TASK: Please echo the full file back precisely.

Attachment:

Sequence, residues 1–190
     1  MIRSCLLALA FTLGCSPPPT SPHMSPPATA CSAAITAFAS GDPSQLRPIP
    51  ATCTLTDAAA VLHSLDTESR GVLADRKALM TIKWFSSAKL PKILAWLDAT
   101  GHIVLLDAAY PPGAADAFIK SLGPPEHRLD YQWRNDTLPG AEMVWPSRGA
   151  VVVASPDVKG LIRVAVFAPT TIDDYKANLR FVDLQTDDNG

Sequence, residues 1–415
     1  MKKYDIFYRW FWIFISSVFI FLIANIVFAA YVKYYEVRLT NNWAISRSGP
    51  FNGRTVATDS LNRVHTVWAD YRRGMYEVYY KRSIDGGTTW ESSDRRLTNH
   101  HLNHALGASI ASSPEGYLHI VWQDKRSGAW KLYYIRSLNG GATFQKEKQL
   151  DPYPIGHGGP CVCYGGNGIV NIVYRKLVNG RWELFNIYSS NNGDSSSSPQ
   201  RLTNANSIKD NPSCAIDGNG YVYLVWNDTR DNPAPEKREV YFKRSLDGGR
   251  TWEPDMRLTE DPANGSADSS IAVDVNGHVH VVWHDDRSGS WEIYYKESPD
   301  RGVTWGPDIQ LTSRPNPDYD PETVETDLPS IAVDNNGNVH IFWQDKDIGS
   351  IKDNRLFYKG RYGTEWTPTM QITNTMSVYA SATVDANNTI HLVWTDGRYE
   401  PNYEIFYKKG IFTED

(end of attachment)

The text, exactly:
Sequence, residues 1–190
     1  MIRSCLLALA FTLGCSPPPT SPHMSPPATA CSAAITAFAS GDPSQLRPIP
    51  ATCTLTDAAA VLHSLDTESR GVLADRKALM TIKWFSSAKL PKILAWLDAT
   101  GHIVLLDAAY PPGAADAFIK SLGPPEHRLD YQWRNDTLPG AEMVWPSRGA
   151  VVVASPDVKG LIRVAVFAPT TIDDYKANLR FVDLQTDDNG

Sequence, residues 1–415
     1  MKKYDIFYRW FWIFISSVFI FLIANIVFAA YVKYYEVRLT NNWAISRSGP
    51  FNGRTVATDS LNRVHTVWAD YRRGMYEVYY KRSIDGGTTW ESSDRRLTNH
   101  HLNHALGASI ASSPEGYLHI VWQDKRSGAW KLYYIRSLNG GATFQKEKQL
   151  DPYPIGHGGP CVCYGGNGIV NIVYRKLVNG RWELFNIYSS NNGDSSSSPQ
   201  RLTNANSIKD NPSCAIDGNG YVYLVWNDTR DNPAPEKREV YFKRSLDGGR
   251  TWEPDMRLTE DPANGSADSS IAVDVNGHVH VVWHDDRSGS WEIYYKESPD
   301  RGVTWGPDIQ LTSRPNPDYD PETVETDLPS IAVDNNGNVH IFWQDKDIGS
   351  IKDNRLFYKG RYGTEWTPTM QITNTMSVYA SATVDANNTI HLVWTDGRYE
   401  PNYEIFYKKG IFTED